Institute for War and Peace Reporting | Giving Voice, Driving Change
Ibro Osmanović, prosecution witness at the Karadzic trial. (Photo: ICTY)
A prosecution witness testified at the trial of former Bosnian Serb leader Radovan Karadzic about war crimes allegedly committed against Bosnian Muslims in the eastern Bosnian town of Vlasenica at the beginning of the 1992-95 war.
Vlasenica is one of 21 municipalities listed in the indictment against Karadzic. According to the prosecution, the accused “planned, instigated, ordered and/or aided and abetted persecutions on political and religious grounds against Bosnian Muslims and Croats” living in these municipalities.
Karadzic is also accused of planning and overseeing the 44-month siege of Sarajevo that left nearly 12,000 people dead, as well as the massacre of some 8,000 men and boys at Srebrenica in July 1995.
Ibro Osmanovic, a Bosniak from Vlasenica, described the persecution of Bosniaks and Croats in his town after Bosnian Serbs took power.
Osmanovic has already testified in five other trials at the Hague tribunal, including that of former Serbian president Slobodan Milosevic, who died in 2006 before proceedings against him were completed.
This week, Osmanovic's written statement was admitted into evidence and a summary of it read out in court by prosecutor Carolyn Edgerton.
According to this statement, Yugoslav National Army, JNA, troops entered Vlasenica on April 22, 1992.
“They joined hands with the local Serb troops, taking away any weapons which the Muslims had,” the statement read. “They stayed in Vlasenica for a few weeks, and when they left, Muslim villages around this town were attacked. The JNA had given weapons to Serbs villages around Vlasenica. Serbs from these villages were running around Vlasenica armed with guns.”
Osmanovic was arrested on May 22, 1992 and taken to the police station in Vlasenica.
“We were locked up, 20 of us, in a one-man cell. We were beaten there by Serb police and other Serb forces,” the statement continued, adding that Osmanovic and other Bosniak prisoners were taken to the town prison, and from there to the Susica detention camp.
The witness stayed at Susica until June 1992, when he was transferred to Batkovic, a Serb-run detention camp in north east Bosnia, near Bijeljina.
“In Susica I was beaten up every day,” the witness’s statement read. “The guards, especially Dragan Nikolic, were beating us up virtually every day, all 500 of us.”
In 2005, Nikolic was sentenced to 20 years in prison by the Hague tribunal; he is currently serving his sentence in Italy.
Prosecutor Echerton then showed Osmanovic a list of prisoners from Susica, and the witness recognised the name of a fellow prisoner, Reuf Rasidagic.
“Rasidagic was beaten up every day, five days in a row. So he started begging [Nikolic] to kill him. But Nikolic told him: ‘Nah, no bullet for you. That's too expensive, you know. It's three Deutschmarks a piece,’” the testimony said.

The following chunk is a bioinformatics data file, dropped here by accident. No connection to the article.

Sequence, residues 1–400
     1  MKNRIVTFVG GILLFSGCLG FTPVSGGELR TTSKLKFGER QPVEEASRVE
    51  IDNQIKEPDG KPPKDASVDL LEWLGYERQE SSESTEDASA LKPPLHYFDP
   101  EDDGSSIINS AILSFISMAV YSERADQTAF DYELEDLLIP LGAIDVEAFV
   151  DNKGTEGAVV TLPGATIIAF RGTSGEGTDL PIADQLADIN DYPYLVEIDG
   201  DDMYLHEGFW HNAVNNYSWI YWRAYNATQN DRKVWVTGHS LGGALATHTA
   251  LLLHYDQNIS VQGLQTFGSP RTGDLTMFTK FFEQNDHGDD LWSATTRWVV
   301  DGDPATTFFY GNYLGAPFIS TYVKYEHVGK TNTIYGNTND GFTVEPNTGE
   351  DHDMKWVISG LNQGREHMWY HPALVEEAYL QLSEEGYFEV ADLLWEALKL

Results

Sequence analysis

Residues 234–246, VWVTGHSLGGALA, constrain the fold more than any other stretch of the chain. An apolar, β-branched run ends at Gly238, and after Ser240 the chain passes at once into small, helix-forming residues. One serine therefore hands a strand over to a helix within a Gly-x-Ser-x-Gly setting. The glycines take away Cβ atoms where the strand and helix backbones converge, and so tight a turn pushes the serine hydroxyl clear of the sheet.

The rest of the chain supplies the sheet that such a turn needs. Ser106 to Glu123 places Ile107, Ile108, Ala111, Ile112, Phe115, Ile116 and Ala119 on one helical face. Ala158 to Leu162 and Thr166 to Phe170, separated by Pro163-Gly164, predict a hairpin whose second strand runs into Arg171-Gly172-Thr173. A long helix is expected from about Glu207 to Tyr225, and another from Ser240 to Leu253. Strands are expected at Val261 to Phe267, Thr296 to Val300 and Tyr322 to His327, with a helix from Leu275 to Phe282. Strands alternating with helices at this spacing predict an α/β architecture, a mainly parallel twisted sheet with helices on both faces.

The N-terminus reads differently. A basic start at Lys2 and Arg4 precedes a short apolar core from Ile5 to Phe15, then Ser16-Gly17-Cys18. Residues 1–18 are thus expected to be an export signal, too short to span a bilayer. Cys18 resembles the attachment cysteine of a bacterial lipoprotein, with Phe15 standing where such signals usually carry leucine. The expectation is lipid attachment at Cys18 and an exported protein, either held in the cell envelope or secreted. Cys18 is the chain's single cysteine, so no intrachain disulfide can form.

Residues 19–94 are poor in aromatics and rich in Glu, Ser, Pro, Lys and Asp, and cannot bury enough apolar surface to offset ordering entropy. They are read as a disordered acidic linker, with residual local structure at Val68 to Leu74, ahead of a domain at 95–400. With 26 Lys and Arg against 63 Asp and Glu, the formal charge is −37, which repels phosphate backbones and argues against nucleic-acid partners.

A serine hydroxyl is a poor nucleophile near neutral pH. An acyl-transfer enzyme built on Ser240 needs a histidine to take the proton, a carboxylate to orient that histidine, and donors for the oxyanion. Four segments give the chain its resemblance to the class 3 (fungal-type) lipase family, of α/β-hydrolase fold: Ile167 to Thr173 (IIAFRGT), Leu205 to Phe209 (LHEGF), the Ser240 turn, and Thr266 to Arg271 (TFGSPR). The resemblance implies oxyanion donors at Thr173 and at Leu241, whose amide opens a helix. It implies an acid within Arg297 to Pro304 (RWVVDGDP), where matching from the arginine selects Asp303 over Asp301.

When Osmanovic was transferred to Batkovic, his younger brother remained at the Susica camp. “My dead brother's head was found 15 miles away from his body,” he said in his statement.
The witness described himself as “one of only two surviving members of his family,” with 33 other relatives still unaccounted for. According to the witness, only some of his sister's remains have been found.
“It is not my job to serve justice, but I hope that whoever is responsible for all this will face justice one day," Osmanovic’s statement concluded.
During cross-examination, Karadzic, who is representing himself in court, put it to the witness that people in Bosnia were detained at the beginning of the war because they were suspected of deserting or terrorism, and not because they belonged to a certain ethnic group.
“I'm speaking only about Vlasenica,” the witness responded. “Everyone who lived in this town knew each other well, we knew who we were and what we were doing, we even knew what we ate every day.
“Non-Serbs didn't pose any threat to anyone. When I was arrested, the only armed people I saw were Serbs. When the joint police and the joint municipality were gone, everything had suddenly become 'Serb'. So we, the others, had no business there. We were not welcome in Vlasenica any more, despite being born and having grown up in this town,” the witness continued.
Karadzic countered this claim by saying that the witness knew “only half the truth”.
“There were talks about dividing Vlasenica municipality into a Serb and a Muslim part and you didn't know anything about it,” the accused said.
"The SDA [Bosnian Muslim party] was also training and arming its members and sending them to war in Croatia, so that they could fight the JNA,” he added.
The trial continues next week.
Velma Saric is an IWPR-trained reporter in Sarajevo.
- Europe & Eurasia
- Latin America
- Middle East & North Africa
- Focus Pages
- Training & Resources
- Print Publications
- IWPR Spotlight